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L?IMA — Dairymen once would bring their goods to market, sell them, and go home. By the 1920s, Lima’s farmers had grasped hold of the unionization idea that was going around the country and started the Farmers’ Equity Union Creamery Co.



According to a historical booklet published by this group, 1,000 farmers joined together on July 29, 1923.



“They were determined to throw off the yoke of the grasping chain creameries that bound them down to the old-line marketing system which levied tribute from them larger than King George III ever laid upon the Colonies,” it stated.



This new company would give them more power and better profits, essentially. Farmers sold their goods at market but were also paid by being stockholders in this company, so they saw a share of the profits from the products their goods were made into — like butter and ice cream. And farmers didn’t need to be shareholders, as anyone could sell their goods to this company if they agreed to the price.



The company organized farmers within a 50-mile radius, and Lima was its headquarters. A Lima creamery was built at 169 Grove Ave. in 1923. The first branch was in 1928 in Fort Recovery. Another branch was in 1931 in Bellefontaine.



“Pure milk is one of the essentials of the human diet. Butter is likewise standard for every American table. These products, thanks to laws safeguarding the public, are available to everybody,” a newspaper reported Nov. 15, 1926.



Equity’s advertising campaign focused on being the best quality. It must have been a competetive time, with many dairies and creameries operating around Lima then.



A news item published March 14, 1927, reported the company processed 1.5 million pounds of milk yearly. Ice cream is made on the same day the milk is delivered to the plant to guarantee freshness. It also made powdered milk so as to not waste any excess milk supplies that came in.



By 1930, ice cream was a focus. And by 1938, the company had four retail stores in town — each featuring an ice cream parlor atmosphere, although they also sold milk, nuts and deli items.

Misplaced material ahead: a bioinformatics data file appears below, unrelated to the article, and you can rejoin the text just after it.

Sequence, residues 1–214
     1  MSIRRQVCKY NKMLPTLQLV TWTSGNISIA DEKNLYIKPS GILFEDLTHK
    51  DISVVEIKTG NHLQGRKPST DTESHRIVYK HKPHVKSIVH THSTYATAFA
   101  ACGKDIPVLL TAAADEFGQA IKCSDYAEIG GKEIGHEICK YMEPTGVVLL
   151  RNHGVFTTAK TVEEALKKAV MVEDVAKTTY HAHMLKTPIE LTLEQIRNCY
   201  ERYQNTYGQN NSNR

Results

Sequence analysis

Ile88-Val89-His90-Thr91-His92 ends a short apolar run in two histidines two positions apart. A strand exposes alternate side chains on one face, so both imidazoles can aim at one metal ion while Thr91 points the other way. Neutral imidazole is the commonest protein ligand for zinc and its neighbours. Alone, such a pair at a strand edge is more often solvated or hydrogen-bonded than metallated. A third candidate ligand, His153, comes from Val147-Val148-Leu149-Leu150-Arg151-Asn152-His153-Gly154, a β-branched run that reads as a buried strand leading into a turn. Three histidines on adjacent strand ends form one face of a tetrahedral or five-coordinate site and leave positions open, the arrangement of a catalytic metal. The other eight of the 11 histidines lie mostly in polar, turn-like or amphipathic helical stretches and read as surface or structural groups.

By 1941, Equity Dairy Stories Inc. had four stores here and stores in Wapakoneta, Celina, Spencerville, St. Marys, Columbus Grove, Troy, Delphos, Hillsboro, Miamisburg, Portland, Ind., West Union, Decatur, Van Wert, Geneva, Ind., Defiance, Payne and Fort Recovery — and four stores in Dayton.



But the owners put a hold on milk and butter production when World War II came. It sold its milk routes — where milkmen would deliver milk in glass bottles — to Shelley-Townsend Co. to focus on doing powdered milk, evaporated milk and cheese to send to the troops overseas.



An advertisement published Jan. 2, 1949, claims Equity Dairies Inc. had 5,000 stockholders and was celebrating 25 years. Just three years later, it had increased to 7,000 stockolder. It reported it processed 113 million pounds of milk, 4 million pounds of powdered milk, 4.25 million pounds of cheese, 1 million pounds of butter and 250,000 gallons of ice cream in 1952.



A “Grade A” milk processing plant was started in 1957, a sign of an attempt to control the types of milk on the market. It would offer pasteurization and homogenization. And, for the first time, the plant would package milk in glass containers either a gallon or half gallon in size. Equity was taking a hard look at the “cash-and-carry” model, as trends were moving away from milk delivered via milkmen. The original plant was still working away, making condensed milk, powedered milk, cottage cheese and ice cream.



In 1964, the company announced the Bellefontaine cheese plant would close for financial reasons. At the same time, Equity rolled out a new carton in half-gallon sizes. A special introductory price was three cartons for $1, and it was 2 percent “skim milk.”



A news item published April 4, 1966, reported Equity bought more than $2.5 million of milk the year before.



In 1967, the National Farmers Organization picketed Lima. The militant group tried to protest low milk prices by manipulating the market. They bought milk and literally dumped it. There were also reports they poisoned milk tanks. Locally, they bought a lot of the supply, but farmers from Auglaize and Mercer counties just brought more to market and ruined the plan.



The era of the local creamery was coming to a close. Equity was acquired in the mid 1960s by Prairie Farms, and the brand was gone by the 1970s.



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